Short-term Plans: More delays on Shattuck lead to call for interim solutions

The process to continue forward movement on the Shattuck Hospital and Newton Pavilion projects hasn’t stopped during COVID-19, but it also isn’t going anywhere fast – at least that’s what residents learned Tuesday night at the Worcester Square Area Neighborhood Association (WSANA).
Even so, members of WSANA and other South End advocates left the meeting somewhat hearted as Health and Human Services Undersecretary Lauren Peters agreed to take a message of urgency back to Secretary Marylou Sudders and Gov. Charlie Baker on potential interim uses at the Shattuck that would help the current situation at Mass/Cass.
“That feeling of urgency you have is not lost on any of us,” Peters said at the end of her portion of Tuesday’s meeting, which at times was a bit contentious. “I can take back this message about whether there are some additional short-term measures we can take. I can bring back a message of whether we can stand up services in a temporary fashion on Shattuck Campus or another property we control. I can take back the message about whether there are lessons learned from COVID-19 about standing up facilities in short order that can be applied to this issue.”

Health and Human Services Undersecretary Lauren Peters presented an update on the Shattuck campus relocation and program study, which now looks to be happening in 2024 and beyond. Neighbors are now calling for some short-term solutions in the interim to relieve the juggernaut at Mass/Cass.

That was a bit of relief for residents who are ham-hocked in between the fight over Long Island Bridge and the long, ongoing process to get Shattuck Campus up and running as a potential “Recovery Campus.” With both things way over the horizon, and a crisis of massive proportions on the streets of the South End right now – many residents are looking for a short-term plan to bridge the gap between now and the future. And given the speed with which the Newton Pavilion and the South Boston Convention Center were put in place for COVID-19 treatment, many in the neighborhood would like to see the same urgency applied to the opiate epidemic that has been exacerbated by COVID-19.
“We would ask that you call on other hospitals to help, maybe being able to move out the med-surge beds to meet a need here and now,” said South End Forum Moderator Steve Fox. “We have a crisis now and what we are hearing at this point is there is an RFP to be issued in January or February. For most of the people in the South End, that’s not a timely response from the state.”
Responded Peters, “I understand…but there is a process; we can’t kick out the people in the hospital now receiving services and flip it to something else tomorrow.”
Project Manager Frank Doyle said the Shattuck Hospital is nearly full right now, and there isn’t empty space that can be re-used for the sake of relieving the situation on Mass/Cass.
“The building’s pretty full and as full as it should be at this time,” he said.
That said, Peters did agree to take back the message to the state administration about some sort of interim measure to relieve the Mass/Cass problem.
Peters’ appearance was supposed to be a simple update, which was going well until the report began and neighbors did the math and realized any sort of relief from the Shattuck was years away.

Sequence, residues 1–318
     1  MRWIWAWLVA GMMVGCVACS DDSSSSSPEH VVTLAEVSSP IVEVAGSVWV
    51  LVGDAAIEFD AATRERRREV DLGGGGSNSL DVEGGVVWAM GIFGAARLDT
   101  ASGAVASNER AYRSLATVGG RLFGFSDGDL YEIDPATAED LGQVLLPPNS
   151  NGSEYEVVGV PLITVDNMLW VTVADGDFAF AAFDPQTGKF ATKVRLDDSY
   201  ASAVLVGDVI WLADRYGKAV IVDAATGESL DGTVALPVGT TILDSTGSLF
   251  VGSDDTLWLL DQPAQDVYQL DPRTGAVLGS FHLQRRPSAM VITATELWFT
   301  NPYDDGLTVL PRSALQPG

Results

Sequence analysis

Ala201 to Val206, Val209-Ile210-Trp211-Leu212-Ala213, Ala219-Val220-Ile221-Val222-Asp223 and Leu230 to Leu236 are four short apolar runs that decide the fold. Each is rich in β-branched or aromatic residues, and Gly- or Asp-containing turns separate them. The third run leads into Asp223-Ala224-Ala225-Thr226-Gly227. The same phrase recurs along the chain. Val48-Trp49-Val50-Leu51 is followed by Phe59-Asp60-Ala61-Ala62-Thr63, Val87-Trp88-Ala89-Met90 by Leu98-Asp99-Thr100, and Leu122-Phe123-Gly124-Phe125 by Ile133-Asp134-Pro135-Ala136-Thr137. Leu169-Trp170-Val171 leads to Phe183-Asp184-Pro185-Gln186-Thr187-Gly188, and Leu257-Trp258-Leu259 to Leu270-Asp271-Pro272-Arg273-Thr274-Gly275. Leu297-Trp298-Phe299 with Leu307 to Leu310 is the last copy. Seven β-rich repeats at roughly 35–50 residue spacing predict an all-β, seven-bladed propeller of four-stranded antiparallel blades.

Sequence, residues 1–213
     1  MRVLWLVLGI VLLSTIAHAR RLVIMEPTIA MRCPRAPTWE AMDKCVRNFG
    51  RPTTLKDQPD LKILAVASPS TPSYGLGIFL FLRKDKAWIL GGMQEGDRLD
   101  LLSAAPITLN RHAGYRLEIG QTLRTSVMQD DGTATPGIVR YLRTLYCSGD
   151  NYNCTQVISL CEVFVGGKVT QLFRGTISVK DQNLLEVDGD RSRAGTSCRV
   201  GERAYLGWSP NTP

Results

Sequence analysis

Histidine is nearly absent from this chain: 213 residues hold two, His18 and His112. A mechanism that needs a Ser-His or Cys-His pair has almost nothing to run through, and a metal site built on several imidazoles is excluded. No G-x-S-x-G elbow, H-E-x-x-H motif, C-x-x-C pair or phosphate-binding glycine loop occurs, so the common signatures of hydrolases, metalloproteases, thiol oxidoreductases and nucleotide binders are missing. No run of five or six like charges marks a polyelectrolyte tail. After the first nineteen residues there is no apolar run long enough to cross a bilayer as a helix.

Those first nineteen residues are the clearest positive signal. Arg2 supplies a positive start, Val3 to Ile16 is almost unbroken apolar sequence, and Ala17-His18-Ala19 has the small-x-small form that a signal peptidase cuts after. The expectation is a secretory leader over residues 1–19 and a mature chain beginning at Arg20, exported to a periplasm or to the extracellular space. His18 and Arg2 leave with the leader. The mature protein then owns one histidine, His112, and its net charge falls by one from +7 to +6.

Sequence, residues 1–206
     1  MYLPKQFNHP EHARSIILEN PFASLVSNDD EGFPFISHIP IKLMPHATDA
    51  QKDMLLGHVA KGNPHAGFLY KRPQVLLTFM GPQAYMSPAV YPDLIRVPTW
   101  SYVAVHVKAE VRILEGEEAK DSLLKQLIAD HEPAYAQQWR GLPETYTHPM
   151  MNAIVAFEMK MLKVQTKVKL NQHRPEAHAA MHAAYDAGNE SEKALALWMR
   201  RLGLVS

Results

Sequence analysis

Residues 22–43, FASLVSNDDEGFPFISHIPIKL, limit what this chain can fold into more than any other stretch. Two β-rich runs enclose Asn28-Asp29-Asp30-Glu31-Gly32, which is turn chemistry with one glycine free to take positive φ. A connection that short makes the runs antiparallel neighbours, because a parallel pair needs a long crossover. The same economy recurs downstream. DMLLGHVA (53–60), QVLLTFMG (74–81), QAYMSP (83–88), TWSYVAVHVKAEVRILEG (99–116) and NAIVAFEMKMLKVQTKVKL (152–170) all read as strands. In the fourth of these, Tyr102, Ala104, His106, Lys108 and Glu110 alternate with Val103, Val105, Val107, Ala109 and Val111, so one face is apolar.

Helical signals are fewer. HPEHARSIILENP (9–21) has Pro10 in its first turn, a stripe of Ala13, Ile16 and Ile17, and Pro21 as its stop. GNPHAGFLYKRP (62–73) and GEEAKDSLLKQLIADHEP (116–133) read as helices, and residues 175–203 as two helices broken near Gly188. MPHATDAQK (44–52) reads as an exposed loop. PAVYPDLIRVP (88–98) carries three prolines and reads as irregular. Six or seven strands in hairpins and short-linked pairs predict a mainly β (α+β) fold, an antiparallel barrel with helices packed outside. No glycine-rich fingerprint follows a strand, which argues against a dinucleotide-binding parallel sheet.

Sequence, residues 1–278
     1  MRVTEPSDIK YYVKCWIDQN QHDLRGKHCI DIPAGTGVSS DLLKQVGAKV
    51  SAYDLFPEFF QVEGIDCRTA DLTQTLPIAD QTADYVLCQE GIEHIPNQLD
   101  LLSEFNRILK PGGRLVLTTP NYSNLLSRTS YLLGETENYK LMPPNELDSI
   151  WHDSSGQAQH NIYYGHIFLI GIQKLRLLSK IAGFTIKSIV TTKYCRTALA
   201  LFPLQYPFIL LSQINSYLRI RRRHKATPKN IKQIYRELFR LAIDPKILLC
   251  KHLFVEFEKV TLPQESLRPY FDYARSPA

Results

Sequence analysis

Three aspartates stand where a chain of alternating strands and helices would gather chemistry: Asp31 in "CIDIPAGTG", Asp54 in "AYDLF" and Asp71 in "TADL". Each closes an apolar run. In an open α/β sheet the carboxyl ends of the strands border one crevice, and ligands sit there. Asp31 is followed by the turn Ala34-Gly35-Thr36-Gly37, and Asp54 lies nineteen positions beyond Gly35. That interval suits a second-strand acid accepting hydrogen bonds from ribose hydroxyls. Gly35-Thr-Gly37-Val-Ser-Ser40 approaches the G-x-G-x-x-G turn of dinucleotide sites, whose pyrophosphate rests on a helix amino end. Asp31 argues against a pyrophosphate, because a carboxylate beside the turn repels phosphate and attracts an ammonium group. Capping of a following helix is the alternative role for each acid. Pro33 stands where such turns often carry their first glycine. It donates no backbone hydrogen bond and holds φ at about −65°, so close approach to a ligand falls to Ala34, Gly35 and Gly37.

Two years ago, the state announced it had brokered a deal to buy the Newton Pavilion from Boston Medical Center in the South End, and planned to move the 160-bed hospital facility from Jamaica Plain to the South End. As an agreement with neighbors, there was a promise to keep the Shattuck for a public health use, and to push for a “recovery campus” on the site that would also serve as a place to relocate some services from the South End. The Shattuck move to the Newton Pavilion was supposed to happen originally in 2021, with the recovery campus portion happening soon after, but then last year that was delayed until 2022. On Tuesday night, Peters said it would be 2024 before the Shattuck move would happen. No recovery campus construction and programming would occur at the Shattuck site until after the move – so around 2025.
An RFP to the development community for a type of recovery campus program, she said, has been slightly delayed but is on track to be released in early 2021.
“The hospital relocation is probably likely not to occur until 2024 at this point,” she said. “That is delayed because the Newton Pavilion building was re-purposed to serve some of the homeless population in the area during COVID-19…That COVID-19 response has delayed both of the projects a couple of months, but not much more than that.”
With the news of the RFP not going out until early 2021, and the Shattuck not moving to the South End until 2024 now, it set up a timeline that didn’t seem to offer the help many originally hoped it would.
Major construction on the Newton Pavilion isn’t expected until June 2021, Doyle said, but they have been working to take soil samples and do other preliminary work this month.
Neighbor Jacob Oppenheim wanted to ensure that the problem in the South End wasn’t going to simply be relocated to the Forest Hills area of JP and into Franklin Park.
“The goal is not to put a Band-Aid on the situation and hope it goes away,” said Peters. “The goal is to solve the problem and hopefully with the right set of circumstances it will help solve the problem and not just move folks to another part of town. The goal is to create a programmatic model with integrated physical and behavioral health services.”

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